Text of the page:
Tillerson out, Pompeo in
WASHINGTON — President Donald Trump unceremoniously dumped Secretary of State Rex Tillerson on Tuesday — via Twitter — and picked CIA Director Mike Pompeo to shift from America's spy chief to its top diplomat. The abrupt announcement ended the turbulent tenure of the man who reportedly called the president a "moron" but wanted to stay.
The plans to oust Tillerson had been drawn up months ago, but the timing surprised even senior White House officials.
Trump emphatically rejected talk of chaos in his year-old administration. "I'm really at a point where we're getting very close to having the Cabinet and other things that I want," Trump said Tuesday.
He said he was nominating the CIA's deputy director, Gina Haspel, to take over for Pompeo at the intelligence agency. If confirmed, Haspel would be the CIA's first female director
As for Tillerson, the former Exxon Mobil CEO whom Trump picked as his administration's top Cabinet official, the president said simply, "We disagreed on things."
One prime example involved the agreement to restrict Iran's nuclear efforts. Trump's change puts Pompeo, an ardent foe of the Iran nuclear deal, in charge of U.S. diplomacy as the president decides whether to withdraw the U.S. from the agreement. Tillerson had pushed Trump to remain and had been pursuing a delicate strategy with European allies and others to try to improve or augment the Obama-era deal to Trump's liking.
"We were not really thinking the same," said Trump.
Tillerson, his voice occasionally quavering, gave brief farewell remarks Tuesday at the State Department, thanking department staff members and diplomats around the world — but not mentioning Trump, except to say that he'd spoken by phone to the president Tuesday while Trump was on Air Force One, hours after the tweeted firing.
Trump kept the timing to an unusually close circle that included chief of staff John Kelly and Vice President Mike Pence, officials said. Pompeo was brought into the White House Friday after returning from an overseas trip and was offered the job formally by phone Saturday.
Kelly was given the task of phoning Tillerson, who was in Africa, but the nature of their conversation was up for dispute. White House officials said Kelly told Tillerson that Trump wanted a change and he should step down. Tillerson, the White House said, asked that Trump wait until he returned to the U.S., and he shortened his trip to Africa.
However, Undersecretary of State Steve Goldstein and other State Department officials said Tillerson hadn't learned he was being dismissed until he saw Trump's early Tuesday tweet and hadn't discussed it directly with the president. Goldstein said Tillerson was "unaware of the reason" he was fired and "had had every intention of staying."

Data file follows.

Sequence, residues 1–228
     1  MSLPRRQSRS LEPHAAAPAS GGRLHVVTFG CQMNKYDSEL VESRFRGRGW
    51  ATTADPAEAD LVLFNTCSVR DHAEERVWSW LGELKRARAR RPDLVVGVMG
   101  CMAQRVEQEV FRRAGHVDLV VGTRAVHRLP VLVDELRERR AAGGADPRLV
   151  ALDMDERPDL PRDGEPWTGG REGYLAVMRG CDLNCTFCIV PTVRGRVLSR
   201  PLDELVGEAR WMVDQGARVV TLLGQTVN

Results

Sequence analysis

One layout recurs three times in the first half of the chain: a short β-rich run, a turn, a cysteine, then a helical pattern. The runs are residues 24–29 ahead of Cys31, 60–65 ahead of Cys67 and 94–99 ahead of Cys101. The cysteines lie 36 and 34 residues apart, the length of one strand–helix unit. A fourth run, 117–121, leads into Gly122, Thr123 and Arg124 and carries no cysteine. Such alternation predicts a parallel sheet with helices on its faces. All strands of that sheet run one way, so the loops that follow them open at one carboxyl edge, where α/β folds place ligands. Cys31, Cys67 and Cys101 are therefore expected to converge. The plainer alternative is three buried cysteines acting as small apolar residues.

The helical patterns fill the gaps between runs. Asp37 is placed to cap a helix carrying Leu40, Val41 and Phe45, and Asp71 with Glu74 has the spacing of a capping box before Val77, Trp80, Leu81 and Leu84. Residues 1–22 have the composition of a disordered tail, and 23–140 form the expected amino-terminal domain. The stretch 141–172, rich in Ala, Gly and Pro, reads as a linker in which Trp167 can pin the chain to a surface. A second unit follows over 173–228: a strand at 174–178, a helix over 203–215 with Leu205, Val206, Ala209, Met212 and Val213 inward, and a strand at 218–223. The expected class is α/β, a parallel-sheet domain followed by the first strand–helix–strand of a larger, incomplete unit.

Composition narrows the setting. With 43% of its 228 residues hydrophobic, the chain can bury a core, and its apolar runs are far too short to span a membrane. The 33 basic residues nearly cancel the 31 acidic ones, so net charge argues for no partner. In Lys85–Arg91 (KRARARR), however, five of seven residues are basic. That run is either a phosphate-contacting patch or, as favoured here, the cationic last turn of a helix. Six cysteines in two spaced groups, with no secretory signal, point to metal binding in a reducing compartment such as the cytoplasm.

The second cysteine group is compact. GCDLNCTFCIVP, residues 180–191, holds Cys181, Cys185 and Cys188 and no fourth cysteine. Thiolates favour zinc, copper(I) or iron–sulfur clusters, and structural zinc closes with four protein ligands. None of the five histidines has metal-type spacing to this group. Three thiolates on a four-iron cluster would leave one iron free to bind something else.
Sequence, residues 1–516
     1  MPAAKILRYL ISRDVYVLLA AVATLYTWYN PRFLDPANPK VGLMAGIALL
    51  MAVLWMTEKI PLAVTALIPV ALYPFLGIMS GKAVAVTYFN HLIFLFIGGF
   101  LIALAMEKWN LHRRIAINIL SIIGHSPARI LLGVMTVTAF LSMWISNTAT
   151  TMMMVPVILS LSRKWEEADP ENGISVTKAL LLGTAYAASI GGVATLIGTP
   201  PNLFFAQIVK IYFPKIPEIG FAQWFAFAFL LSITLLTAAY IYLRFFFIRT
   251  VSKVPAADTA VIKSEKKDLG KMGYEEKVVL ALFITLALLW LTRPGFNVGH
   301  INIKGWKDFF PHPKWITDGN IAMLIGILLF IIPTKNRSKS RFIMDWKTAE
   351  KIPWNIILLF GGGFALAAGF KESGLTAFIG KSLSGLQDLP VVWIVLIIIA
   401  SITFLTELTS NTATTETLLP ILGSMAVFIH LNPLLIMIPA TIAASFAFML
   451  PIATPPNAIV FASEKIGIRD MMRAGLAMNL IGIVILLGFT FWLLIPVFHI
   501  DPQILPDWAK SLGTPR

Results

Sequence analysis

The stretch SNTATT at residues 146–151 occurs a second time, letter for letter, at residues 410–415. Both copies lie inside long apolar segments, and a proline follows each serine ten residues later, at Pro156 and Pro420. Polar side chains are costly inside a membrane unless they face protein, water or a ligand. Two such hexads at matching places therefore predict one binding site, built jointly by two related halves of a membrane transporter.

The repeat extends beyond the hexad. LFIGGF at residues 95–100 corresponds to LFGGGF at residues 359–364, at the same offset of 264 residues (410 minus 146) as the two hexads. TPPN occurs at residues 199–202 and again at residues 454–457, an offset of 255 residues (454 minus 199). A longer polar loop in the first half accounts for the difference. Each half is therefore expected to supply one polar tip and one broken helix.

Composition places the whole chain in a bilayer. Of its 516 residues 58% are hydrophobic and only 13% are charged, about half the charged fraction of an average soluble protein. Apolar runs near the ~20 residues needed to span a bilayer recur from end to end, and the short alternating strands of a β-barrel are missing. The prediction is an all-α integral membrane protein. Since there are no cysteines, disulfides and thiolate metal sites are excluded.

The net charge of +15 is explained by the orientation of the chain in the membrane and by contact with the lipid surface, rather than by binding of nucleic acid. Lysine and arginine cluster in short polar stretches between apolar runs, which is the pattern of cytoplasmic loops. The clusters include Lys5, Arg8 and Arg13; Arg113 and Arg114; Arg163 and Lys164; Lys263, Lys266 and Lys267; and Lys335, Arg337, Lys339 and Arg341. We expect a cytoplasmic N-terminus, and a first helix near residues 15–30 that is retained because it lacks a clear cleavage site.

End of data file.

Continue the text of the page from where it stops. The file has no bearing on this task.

That was the end for Goldstein. Hours later, he was fired, too.
Tillerson, in his final somber turn before the cameras, said he would be delegating his responsibilities to deputy secretary John Sullivan at the end of the workday and would resign effective at the end of the month.
"I will now return to private life, private citizen, a proud American, proud of the opportunity I've had to serve my country," he said.
Trump in recent days has told confidants that he feels emboldened, confident in his decisions to order new international trade on tariffs and to meet with North Korean leader Kim Jong Un, and far less willing to put up with disloyalty around him, according to a person who spoke on the condition of anonymity.
Pompeo, a former Republican congressman from Kansas, has already been confirmed by the Senate for his current role at the CIA, making it extremely likely that he will be confirmed for the State Department role.
Pompeo's hawkish instincts may seem at odds with traditional diplomatic norms, but after 14 demoralizing months of budget cuts and staffing reductions for the State Department, his conservative political bent and closeness to Trump could breathe new vigor into an agency all too often sidelined on many of the most-pressing national security matters.
In Pompeo, the diplomats and civil servants who make up the 70,000-strong department will experience a fiercely partisan veteran of some of the most bitter battles in Congress while he was a House Republican. But Pompeo also helped engineer a detente between Trump and the U.S. intelligence agencies after the incoming president likened them to Nazis.
In choosing CIA veteran Haspel to take over the spy agency, Trump chose a woman who spent multiple tours overseas and is respected by the workforce. But she is deeply tied to the agency's use of brutal interrogation measures on terrorism suspects.
Haspel, 61, would become the first woman to lead the CIA if she is confirmed.
Secretary of State Rex Tillerson waves goodbye after speaking at a news conference Tuesday at the State Department.